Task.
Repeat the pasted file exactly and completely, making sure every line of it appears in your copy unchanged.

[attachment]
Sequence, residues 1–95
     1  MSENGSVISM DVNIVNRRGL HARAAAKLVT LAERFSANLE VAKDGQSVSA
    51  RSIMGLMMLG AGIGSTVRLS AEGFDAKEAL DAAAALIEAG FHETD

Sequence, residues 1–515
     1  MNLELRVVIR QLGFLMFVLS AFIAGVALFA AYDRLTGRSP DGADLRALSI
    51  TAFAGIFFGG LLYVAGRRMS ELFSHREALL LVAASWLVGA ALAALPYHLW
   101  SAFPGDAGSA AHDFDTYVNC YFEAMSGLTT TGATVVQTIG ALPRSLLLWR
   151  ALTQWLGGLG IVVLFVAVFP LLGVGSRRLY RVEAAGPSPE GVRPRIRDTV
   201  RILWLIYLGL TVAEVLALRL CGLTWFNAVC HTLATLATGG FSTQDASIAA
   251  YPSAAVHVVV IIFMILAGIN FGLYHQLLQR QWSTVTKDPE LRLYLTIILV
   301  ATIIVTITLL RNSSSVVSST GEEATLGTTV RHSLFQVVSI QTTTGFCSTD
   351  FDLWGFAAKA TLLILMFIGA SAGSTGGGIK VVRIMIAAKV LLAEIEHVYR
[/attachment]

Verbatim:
Sequence, residues 1–95
     1  MSENGSVISM DVNIVNRRGL HARAAAKLVT LAERFSANLE VAKDGQSVSA
    51  RSIMGLMMLG AGIGSTVRLS AEGFDAKEAL DAAAALIEAG FHETD

Sequence, residues 1–515
     1  MNLELRVVIR QLGFLMFVLS AFIAGVALFA AYDRLTGRSP DGADLRALSI
    51  TAFAGIFFGG LLYVAGRRMS ELFSHREALL LVAASWLVGA ALAALPYHLW
   101  SAFPGDAGSA AHDFDTYVNC YFEAMSGLTT TGATVVQTIG ALPRSLLLWR
   151  ALTQWLGGLG IVVLFVAVFP LLGVGSRRLY RVEAAGPSPE GVRPRIRDTV
   201  RILWLIYLGL TVAEVLALRL CGLTWFNAVC HTLATLATGG FSTQDASIAA
   251  YPSAAVHVVV IIFMILAGIN FGLYHQLLQR QWSTVTKDPE LRLYLTIILV
   301  ATIIVTITLL RNSSSVVSST GEEATLGTTV RHSLFQVVSI QTTTGFCSTD
   351  FDLWGFAAKA TLLILMFIGA SAGSTGGGIK VVRIMIAAKV LLAEIEHVYR